So what I’m getting at is that the progressive project is a multifaceted effort by intellectuals, academics, foundations, progressive members of the Democratic Party to change, formally, the Constitution and to change the mindset of the American people, so that we can make people all the same by the powers of government. We see what’s going on. We’ve seen it in Cuba, we’ve seen it in Russia, we’ve seen it in Venezuela, we’ve seen it in China. And we’ve seen a soft benign form in Europe.
And the United States is really the only major country in the world that says, “You know what, that process inevitably leads to an Orwellian totalitarian state, and it crushes liberty and individual freedom, and we’re not going to do it here.” That’s why we have a Bill of Rights and a Constitution.
Mr. Jekielek: So the countries that you mentioned are all you know, communist of course, aside from the soft benign version that you described. So this is cultural Marxism taking form or actual Marxism taking form? How do you see that?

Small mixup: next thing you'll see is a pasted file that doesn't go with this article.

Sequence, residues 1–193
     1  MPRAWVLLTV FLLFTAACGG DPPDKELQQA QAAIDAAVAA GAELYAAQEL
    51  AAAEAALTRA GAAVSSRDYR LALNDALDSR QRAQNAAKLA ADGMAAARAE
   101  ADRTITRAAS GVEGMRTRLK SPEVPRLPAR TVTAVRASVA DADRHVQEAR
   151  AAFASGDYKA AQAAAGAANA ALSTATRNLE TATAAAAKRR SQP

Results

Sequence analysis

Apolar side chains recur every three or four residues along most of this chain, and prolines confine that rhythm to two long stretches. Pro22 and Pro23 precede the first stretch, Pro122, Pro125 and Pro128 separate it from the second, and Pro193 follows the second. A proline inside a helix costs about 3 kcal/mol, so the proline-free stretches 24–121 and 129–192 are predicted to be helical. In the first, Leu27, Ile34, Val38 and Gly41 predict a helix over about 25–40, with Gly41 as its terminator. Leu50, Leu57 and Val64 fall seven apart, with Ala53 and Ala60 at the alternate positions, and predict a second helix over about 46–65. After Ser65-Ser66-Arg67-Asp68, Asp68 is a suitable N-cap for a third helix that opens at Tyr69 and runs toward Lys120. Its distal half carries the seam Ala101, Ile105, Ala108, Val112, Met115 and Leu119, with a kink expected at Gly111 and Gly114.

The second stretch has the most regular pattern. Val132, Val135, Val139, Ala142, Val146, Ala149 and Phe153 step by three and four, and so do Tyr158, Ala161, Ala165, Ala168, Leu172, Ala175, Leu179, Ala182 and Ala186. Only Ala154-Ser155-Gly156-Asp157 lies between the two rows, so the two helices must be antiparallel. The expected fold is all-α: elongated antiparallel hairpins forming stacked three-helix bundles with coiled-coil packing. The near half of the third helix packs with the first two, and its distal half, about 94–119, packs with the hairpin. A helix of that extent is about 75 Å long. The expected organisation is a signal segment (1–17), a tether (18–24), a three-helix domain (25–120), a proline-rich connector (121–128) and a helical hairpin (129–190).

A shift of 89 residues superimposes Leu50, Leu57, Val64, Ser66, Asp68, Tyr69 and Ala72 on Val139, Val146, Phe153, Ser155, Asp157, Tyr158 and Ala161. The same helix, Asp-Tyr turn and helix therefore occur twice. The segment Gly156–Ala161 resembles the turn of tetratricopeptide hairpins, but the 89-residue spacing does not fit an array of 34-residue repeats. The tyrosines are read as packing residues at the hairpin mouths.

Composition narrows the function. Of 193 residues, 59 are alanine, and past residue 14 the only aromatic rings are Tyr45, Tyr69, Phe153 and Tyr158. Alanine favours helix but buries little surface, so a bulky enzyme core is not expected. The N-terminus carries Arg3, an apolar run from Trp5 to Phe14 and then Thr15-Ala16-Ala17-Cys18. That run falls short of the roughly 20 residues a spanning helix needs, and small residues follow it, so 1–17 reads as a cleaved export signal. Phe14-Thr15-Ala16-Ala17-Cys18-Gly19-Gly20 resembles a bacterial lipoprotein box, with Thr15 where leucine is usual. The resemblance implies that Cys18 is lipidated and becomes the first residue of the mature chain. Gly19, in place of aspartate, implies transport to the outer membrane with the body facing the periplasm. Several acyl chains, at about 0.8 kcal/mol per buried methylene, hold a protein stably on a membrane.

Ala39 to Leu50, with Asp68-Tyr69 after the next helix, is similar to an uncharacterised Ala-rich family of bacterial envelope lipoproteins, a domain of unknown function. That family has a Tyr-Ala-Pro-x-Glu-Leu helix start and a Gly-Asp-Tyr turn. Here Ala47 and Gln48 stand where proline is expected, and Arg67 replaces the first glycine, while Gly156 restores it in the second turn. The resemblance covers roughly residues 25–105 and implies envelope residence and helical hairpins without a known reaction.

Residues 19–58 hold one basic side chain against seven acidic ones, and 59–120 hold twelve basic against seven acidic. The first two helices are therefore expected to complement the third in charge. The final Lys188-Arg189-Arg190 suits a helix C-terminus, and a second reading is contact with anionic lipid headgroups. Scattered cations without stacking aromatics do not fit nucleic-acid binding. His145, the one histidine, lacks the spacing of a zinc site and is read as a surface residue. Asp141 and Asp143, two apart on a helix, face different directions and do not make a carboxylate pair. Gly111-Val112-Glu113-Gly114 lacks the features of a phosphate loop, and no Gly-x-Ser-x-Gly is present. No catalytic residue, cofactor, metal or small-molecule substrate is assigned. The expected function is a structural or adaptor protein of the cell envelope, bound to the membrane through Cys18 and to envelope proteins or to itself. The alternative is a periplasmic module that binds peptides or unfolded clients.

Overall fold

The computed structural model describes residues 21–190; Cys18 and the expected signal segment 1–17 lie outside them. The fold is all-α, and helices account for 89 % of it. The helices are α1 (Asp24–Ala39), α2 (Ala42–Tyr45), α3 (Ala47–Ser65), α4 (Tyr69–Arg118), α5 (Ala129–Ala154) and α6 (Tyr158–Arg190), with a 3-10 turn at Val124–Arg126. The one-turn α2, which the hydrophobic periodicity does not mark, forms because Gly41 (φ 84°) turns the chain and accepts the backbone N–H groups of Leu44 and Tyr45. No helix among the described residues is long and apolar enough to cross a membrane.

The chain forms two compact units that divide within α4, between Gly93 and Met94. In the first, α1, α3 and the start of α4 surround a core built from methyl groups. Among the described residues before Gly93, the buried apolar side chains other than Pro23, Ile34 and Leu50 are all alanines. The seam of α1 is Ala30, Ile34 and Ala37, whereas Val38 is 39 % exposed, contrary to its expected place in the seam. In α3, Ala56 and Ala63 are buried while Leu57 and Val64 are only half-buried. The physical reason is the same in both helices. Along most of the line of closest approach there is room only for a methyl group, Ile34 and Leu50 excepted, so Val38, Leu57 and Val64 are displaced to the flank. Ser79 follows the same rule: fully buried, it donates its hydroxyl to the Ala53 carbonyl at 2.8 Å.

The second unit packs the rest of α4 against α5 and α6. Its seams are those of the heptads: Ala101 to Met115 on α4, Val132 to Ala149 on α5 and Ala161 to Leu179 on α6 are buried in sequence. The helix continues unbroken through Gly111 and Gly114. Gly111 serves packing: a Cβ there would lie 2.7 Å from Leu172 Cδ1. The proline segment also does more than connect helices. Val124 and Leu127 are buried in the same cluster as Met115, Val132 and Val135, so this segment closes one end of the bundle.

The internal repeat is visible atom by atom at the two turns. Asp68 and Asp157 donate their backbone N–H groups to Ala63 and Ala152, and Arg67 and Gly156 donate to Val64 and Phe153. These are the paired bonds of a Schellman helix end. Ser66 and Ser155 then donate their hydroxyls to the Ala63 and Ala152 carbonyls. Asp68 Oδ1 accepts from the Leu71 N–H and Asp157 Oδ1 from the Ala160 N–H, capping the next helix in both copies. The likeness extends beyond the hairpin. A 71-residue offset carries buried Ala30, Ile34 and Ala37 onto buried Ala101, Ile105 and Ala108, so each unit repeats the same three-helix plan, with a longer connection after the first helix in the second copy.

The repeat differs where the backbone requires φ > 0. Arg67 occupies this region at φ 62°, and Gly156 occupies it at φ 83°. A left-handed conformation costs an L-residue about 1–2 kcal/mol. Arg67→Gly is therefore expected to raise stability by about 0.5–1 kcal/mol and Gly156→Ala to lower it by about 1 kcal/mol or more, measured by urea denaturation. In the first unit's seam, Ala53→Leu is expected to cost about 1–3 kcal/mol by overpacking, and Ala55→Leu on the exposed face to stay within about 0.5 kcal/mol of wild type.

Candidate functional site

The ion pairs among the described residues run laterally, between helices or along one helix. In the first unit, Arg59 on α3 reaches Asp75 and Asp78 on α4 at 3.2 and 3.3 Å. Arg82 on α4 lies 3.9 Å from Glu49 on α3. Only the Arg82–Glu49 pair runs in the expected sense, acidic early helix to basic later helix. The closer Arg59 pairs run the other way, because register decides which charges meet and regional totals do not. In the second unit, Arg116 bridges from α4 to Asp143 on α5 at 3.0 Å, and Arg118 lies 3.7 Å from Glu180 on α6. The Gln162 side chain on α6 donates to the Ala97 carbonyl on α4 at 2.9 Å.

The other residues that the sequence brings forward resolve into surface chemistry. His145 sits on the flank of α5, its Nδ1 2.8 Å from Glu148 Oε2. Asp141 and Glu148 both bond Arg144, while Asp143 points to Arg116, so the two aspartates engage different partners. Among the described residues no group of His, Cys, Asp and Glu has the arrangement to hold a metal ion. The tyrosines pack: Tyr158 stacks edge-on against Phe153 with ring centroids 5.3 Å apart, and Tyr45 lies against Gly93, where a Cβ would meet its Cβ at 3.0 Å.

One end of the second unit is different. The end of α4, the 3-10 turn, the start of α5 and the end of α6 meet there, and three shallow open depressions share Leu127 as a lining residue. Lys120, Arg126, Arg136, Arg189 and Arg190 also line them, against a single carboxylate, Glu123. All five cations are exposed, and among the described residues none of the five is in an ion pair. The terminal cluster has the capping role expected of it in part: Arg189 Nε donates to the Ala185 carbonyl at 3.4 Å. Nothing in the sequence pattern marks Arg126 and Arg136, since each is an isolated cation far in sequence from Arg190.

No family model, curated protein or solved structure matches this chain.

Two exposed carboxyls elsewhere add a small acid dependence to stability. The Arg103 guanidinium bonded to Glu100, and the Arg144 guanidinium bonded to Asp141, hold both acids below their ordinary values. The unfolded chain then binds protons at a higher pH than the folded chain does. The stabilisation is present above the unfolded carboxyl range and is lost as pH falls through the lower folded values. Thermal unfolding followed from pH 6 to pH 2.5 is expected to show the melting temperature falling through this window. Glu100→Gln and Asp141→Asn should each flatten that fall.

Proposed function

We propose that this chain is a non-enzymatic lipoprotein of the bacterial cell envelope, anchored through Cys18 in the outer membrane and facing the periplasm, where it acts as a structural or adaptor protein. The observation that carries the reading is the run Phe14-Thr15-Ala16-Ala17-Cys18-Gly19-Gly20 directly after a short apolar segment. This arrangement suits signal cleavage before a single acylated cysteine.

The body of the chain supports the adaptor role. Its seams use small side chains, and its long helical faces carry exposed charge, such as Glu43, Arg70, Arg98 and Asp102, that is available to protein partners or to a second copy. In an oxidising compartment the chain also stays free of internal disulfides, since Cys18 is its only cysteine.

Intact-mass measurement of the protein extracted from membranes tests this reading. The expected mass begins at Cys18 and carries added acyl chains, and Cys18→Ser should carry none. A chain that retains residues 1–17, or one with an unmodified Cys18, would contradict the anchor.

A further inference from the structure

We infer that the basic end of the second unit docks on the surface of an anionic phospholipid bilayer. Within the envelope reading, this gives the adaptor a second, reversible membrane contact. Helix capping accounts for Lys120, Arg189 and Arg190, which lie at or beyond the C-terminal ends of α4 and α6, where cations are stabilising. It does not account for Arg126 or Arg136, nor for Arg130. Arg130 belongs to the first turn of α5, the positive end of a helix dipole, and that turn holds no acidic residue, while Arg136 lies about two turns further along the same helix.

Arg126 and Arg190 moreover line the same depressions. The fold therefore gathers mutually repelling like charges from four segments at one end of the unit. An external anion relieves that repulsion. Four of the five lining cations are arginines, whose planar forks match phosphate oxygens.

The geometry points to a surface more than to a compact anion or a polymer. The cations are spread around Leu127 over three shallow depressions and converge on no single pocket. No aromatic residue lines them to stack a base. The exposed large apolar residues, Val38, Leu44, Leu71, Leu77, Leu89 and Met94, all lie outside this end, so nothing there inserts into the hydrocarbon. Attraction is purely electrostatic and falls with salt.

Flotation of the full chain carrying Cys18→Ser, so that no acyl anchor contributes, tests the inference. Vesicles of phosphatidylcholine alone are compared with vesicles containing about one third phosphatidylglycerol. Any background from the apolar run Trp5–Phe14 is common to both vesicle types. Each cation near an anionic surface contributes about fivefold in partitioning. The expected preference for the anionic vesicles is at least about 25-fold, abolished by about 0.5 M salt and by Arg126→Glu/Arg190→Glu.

Mr. Hanson: Well, when Angela Merkel says that she’s going to restrict rights of free speech in Germany because of hate speech—
Mr. Jekielek: I was astounded by this.
Mr. Hanson: Yeah, I was too, that’s not all that much different than what people are saying in China about Hong Kong, that the people who are protesting in it for their freedom and liberty and to honor the accords that were, when Hong Kong was freed from British control, don’t really matter anymore. It’s the same idea that the state has superior wisdom and can adjudicate to individuals how they should think, how they should behave, and how they should reflect the agendas of the state. And the only difference is that when people object in Germany, they’re not shot as they are in Hong Kong. At least not yet.
But what worries me about the EU, the soft despotism, is that whether it’s matters of immigration with Eastern Europe, or matters of financial control with Greece and Italy and Spain, or matters of Brexit with Britain, or matters of NATO obligations with us, the position of Germany and the position of France and the position of the Northern European countries is we don’t really trust grassroots people. We don’t trust these Southern Europeans, Eastern Europeans, these crazy Anglo-Americans.